Devolution of Lands and Resources
Today, the Premier spoke about Devolution and the Agreement-in-Principle.
Mr. Speaker, Devolution is another step in an ongoing process that has seen the Government of the Northwest Territories take more and more responsibility over the decisions that affect all of us. Decisions about our land and our resources should be made by people who live here; by a government that is accountable to NWT residents.
The Devolution Agreement-in-Principle (AiP) allows negotiations to continue towards a final agreement, which will benefit all residents of the NWT. If the deal were in place today, approximately $60 million dollars from resources revenues this past year would be staying in the NWT. This is money that could be directed to programs and services that directly benefit all residents of the NWT.
More importantly, devolution is about the transfer of already existing authority over public – or Crown – lands from the Government of Canada to the Government of the Northwest Territories. It will not create any new powers. Only lands and resources that are already subject to the development decisions of the federal government will be affected. These are powers already exercised on behalf of their residents by the governments of ten provinces and one other territory. Residents of the NWT deserve the same opportunity that people in the rest of Canada take for granted. Devolution will bring important decisions closer to those who will be most affected. This is something that can be celebrated by all residents of the NWT.
No deal is perfect, but even the report recently released by the Gwich’in Tribal Council recognizes that the current deal will be beneficial to the people of the NWT. If we wait for the perfect devolution agreement we will never have one, and millions of dollars will continue to flow out of the NWT. We still have some details to work out, like the issue of increasing the A-base funding offer originally made in 2005, but that is something that can be addressed during negotiations towards a final agreement.
Some leaders understand this urgency and are willing to continue working together towards a final Devolution agreement. Others aren’t ready to take that step yet, and I respect their positions, although I hope that they will soon join us in working to pursue this long outstanding goal for our people.
Mr. Speaker, the GNWT fully recognizes and supports Aboriginal and treaty rights, and the GNWT has involved all Aboriginal governments who are willing to participate in Devolution. That said, Aboriginal governments cannot have a veto over what happens to public lands and resources, by simply choosing not to get involved. The settled Dene claims also make it explicitly clear that nothing in them shall prejudice the transfer of authority from Canada to the GNWT, a fact often overlooked in public comments about Devolution.
Obviously, the GNWT will continue its efforts to include Aboriginal governments, and wants as many Aboriginal governments as possible at the table, but it must be appreciated that Devolution is about transferring public lands and resources from Canada to the GNWT and is not about settling Aboriginal or treaty rights disputes.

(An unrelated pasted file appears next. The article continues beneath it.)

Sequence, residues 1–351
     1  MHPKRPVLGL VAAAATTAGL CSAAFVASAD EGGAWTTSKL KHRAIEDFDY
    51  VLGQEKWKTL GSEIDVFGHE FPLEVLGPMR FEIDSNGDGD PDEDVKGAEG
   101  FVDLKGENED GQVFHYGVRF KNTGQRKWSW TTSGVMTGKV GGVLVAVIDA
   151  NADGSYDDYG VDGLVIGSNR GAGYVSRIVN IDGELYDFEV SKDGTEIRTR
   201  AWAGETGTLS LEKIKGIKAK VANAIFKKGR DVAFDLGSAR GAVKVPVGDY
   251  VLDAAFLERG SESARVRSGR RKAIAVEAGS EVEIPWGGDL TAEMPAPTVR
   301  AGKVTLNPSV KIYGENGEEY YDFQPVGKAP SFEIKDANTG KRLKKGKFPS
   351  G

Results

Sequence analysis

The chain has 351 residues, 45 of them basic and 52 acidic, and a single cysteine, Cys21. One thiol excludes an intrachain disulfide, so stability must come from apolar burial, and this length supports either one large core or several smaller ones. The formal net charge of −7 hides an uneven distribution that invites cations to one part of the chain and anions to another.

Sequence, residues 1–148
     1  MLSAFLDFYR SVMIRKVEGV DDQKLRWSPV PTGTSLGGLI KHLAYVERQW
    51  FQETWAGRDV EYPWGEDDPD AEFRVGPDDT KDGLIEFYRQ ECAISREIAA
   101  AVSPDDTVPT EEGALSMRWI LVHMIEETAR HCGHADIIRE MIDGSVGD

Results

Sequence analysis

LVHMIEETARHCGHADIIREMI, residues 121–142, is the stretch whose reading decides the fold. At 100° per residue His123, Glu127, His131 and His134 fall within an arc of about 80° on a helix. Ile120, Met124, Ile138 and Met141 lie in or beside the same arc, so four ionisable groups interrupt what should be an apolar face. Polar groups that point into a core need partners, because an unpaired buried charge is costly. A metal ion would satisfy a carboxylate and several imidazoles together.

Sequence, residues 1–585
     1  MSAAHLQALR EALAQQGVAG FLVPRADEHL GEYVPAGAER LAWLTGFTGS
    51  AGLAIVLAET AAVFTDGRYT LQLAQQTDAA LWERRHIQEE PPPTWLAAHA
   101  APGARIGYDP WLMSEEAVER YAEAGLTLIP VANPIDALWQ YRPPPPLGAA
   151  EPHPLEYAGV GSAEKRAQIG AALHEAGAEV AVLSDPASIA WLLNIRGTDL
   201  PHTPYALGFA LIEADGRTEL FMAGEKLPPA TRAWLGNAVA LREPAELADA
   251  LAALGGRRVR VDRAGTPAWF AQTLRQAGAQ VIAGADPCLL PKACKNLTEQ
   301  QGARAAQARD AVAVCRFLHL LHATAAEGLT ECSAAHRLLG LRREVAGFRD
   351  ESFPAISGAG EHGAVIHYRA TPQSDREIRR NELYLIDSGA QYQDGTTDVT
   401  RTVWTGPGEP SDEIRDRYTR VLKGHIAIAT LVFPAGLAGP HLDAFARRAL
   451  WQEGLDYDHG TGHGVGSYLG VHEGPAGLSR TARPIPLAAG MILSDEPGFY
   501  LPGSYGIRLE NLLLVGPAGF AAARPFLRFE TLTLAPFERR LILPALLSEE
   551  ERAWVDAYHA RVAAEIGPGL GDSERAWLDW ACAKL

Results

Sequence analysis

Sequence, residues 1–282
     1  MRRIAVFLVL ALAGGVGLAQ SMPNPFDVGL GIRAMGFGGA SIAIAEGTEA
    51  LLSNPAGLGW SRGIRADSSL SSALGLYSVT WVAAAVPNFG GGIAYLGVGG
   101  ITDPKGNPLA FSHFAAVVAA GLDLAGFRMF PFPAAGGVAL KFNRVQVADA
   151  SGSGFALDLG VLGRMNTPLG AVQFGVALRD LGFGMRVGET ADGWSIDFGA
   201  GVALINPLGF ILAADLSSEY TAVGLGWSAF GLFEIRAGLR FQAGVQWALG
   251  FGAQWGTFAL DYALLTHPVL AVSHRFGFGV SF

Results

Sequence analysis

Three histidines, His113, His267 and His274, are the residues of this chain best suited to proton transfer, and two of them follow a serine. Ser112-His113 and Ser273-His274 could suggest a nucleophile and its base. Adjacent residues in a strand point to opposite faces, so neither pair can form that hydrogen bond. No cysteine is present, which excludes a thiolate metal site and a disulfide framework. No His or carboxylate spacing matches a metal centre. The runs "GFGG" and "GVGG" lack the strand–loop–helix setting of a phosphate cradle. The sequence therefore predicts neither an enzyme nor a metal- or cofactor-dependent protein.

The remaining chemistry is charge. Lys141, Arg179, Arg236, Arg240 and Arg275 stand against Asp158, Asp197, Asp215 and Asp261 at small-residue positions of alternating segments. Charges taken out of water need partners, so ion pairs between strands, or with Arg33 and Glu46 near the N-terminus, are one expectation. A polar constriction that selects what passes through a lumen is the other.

The fact is that Devolution does not impact treaty or Aboriginal rights. These rights are recognized and affirmed under the Constitution. The AiP clearly notes that any legislative authority that is transferred will be subject to those rights, just as the Government of Canada is subject to them now. The AiP also makes clear that the settlement of land claims and self-government agreements will remain a priority and those processes will not be affected by Devolution.
The GNWT takes its commitment to consultation seriously – a commitment that we have honoured. With the right to be consulted comes a reciprocal duty to participate. Aboriginal governments that decided to walk out of negotiations, or to boycott the process, cannot now demand a veto and expect to overturn the AiP.
Mr. Speaker, as a public government, the GNWT represents 100% of the residents of the NWT, and must consider the interests of the territory as whole. The GNWT and Aboriginal governments might not always agree in our positions. In standing up for the best interests of the territory, however, this does not mean that the GNWT is being disrespectful. All residents of the NWT should be given the opportunity to manage public lands and resources through their public government. That is the objective of the Devolution negotiations.
It is my sincere wish that respectful and constructive dialogue among the GNWT and all Aboriginal governments will carry on. I offered to meet with regional leaders on January 25th and 26th before the AiP was signed, but they did not take me up on that offer. I have since written to them, offering to meet with them in their regions to address their issues and concerns about the AiP. Last month I had good meetings with the Sahtu leadership and look forward to meeting with them again. The GNWT will continue to invite Aboriginal governments to join Devolution negotiations. Those that choose not to get involved will be kept informed and Aboriginal and treaty rights will continue to be respected and protected.
For more information on devolution: http://www.executive.gov.nt.ca/initiatives/Devolution/
For more information, contact:
Office of the Premier/Cabinet
Government of the Northwest Territories
Phone: (867) 669-2302